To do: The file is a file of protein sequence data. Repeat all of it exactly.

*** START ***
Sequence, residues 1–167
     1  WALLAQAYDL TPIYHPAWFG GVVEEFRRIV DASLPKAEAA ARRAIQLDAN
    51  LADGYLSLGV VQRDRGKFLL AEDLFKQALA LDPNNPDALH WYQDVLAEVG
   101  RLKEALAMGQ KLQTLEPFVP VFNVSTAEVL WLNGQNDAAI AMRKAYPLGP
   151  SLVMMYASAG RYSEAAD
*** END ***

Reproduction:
Sequence, residues 1–167
     1  WALLAQAYDL TPIYHPAWFG GVVEEFRRIV DASLPKAEAA ARRAIQLDAN
    51  LADGYLSLGV VQRDRGKFLL AEDLFKQALA LDPNNPDALH WYQDVLAEVG
   101  RLKEALAMGQ KLQTLEPFVP VFNVSTAEVL WLNGQNDAAI AMRKAYPLGP
   151  SLVMMYASAG RYSEAAD